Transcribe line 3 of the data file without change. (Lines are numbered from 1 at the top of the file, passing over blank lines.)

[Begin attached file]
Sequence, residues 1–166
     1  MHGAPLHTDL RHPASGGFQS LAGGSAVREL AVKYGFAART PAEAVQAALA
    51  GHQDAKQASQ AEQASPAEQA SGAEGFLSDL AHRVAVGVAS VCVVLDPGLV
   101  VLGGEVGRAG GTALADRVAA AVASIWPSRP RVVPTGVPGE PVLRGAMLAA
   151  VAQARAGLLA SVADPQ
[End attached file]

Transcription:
    51  GHQDAKQASQ AEQASPAEQA SGAEGFLSDL AHRVAVGVAS VCVVLDPGLV